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What happens to candidates when their advisers leave? (Humanities)

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Hi all, I'm hoping you can shed some light onto a situation that I'm sure happens, but I've never seen or experienced until now.


There is a fairly well-substantiated rumor that my adviser will be leaving the university for another academic job.  I am a PhD candidate in the humanities, past exams with my prospectus defended, but with 1-2 years left of research and writing.  My adviser has the most graduate students of any professor in the program, but most aren't advanced to candidacy yet.  All in all, my experience at this university has been very poor.  My adviser is really the saving grace of the whole endeavor, and I chose this program specifically because of her.  I worked for her as a TA and have a fellowship for next year, so I'm no longer financially dependent on the program for my funding.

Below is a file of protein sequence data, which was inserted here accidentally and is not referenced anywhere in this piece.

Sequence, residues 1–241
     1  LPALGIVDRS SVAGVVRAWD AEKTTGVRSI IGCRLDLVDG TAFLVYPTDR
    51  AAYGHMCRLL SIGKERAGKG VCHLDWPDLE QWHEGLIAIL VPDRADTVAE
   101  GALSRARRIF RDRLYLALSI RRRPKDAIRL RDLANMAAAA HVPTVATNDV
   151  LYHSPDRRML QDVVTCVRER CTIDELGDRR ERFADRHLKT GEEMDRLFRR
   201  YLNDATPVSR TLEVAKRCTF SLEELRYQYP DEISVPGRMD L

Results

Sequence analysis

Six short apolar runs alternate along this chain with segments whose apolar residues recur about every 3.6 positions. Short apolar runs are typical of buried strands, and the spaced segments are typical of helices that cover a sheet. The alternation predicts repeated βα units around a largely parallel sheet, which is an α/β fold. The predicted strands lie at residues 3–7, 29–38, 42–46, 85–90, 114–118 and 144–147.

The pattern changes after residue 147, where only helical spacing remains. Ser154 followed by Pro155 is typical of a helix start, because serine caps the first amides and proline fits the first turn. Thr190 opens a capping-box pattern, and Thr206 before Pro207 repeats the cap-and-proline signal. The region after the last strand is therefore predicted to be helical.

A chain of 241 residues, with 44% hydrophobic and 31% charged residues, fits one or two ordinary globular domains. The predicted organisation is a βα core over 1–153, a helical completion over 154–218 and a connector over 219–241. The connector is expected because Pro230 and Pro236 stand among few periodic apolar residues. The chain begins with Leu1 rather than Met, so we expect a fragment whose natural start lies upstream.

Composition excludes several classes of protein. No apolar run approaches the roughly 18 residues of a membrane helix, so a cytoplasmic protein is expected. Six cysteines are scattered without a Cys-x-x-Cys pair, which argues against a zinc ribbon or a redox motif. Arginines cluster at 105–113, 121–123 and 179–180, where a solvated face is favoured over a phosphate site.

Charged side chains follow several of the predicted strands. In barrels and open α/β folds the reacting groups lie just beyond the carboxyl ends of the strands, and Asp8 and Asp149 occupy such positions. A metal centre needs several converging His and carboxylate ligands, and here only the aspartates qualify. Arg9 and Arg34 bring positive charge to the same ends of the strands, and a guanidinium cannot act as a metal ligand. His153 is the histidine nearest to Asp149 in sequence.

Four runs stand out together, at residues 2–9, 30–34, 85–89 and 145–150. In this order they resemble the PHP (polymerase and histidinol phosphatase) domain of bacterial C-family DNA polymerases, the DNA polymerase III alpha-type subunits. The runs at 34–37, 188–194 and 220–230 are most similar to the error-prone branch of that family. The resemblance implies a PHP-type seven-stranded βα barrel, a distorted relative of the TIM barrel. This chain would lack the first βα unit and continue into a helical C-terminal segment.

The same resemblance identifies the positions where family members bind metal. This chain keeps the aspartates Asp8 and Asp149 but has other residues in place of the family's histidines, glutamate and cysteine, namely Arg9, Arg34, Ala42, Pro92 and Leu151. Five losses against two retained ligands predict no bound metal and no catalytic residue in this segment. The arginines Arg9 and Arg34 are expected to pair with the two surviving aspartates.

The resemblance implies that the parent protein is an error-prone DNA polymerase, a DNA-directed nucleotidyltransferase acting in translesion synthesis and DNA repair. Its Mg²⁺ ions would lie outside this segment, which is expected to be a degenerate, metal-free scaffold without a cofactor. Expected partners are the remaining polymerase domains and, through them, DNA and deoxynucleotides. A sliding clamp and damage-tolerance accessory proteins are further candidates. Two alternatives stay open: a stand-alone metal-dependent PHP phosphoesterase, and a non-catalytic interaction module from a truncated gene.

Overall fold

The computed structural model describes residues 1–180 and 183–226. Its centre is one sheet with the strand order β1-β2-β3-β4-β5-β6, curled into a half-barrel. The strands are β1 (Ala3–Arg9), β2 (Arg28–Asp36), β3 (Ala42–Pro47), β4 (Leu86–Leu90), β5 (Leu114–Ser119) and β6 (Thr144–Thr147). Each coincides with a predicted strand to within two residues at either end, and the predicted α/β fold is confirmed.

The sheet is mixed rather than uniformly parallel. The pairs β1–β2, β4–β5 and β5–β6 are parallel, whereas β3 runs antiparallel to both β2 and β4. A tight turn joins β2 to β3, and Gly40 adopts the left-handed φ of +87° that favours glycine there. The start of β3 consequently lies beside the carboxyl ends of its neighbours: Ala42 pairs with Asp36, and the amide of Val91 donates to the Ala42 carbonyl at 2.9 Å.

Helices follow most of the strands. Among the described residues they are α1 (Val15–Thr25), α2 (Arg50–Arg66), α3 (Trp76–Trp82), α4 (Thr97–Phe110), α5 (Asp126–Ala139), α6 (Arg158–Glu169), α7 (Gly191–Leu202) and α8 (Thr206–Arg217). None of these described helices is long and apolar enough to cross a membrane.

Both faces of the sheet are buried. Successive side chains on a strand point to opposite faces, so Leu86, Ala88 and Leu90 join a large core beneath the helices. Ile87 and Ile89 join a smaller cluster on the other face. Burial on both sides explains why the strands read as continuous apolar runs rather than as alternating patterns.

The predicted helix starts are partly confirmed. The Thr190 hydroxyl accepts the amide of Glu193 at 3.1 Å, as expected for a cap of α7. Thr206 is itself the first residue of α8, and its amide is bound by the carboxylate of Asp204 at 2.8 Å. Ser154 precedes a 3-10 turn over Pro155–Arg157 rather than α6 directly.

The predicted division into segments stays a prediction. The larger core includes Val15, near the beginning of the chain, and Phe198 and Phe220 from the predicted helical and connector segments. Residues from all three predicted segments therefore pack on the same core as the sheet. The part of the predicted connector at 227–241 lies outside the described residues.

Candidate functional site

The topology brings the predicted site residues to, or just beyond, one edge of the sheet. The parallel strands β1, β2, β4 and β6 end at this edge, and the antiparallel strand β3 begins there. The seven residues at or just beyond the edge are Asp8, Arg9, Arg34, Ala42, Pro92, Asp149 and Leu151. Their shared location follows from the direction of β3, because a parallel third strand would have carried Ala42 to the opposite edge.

Do advanced students ever follow their advisers?  There is no possible substitute adviser in the department.  Two other profs work in my area, but one is on intermittent medical leave for ongoing health problems and the other is a new, totally overwhelmed professor who is unlikely to survive 3-year-review.  The university is on a hiring freeze so they'll bring in a lecturer first, not a new TT.  I also have no real desire to keep an affiliation with the university once the prof holding up their program leaves, but I know I might be stuck there since I don't want to start over.  I have no idea what happens to students who are fairly advanced in their program but not going to finish before the adviser leaves.  Adviser is currently abroad and out of contact, so I'm interested in what's happened to others so I know what I might hear from her when she returns in a few weeks.

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I'm not in the humanities but, I can offer some insight since I'm personally in a similar situation. This may be a bit jumbled so feel free to send me a PM if you have additional questions.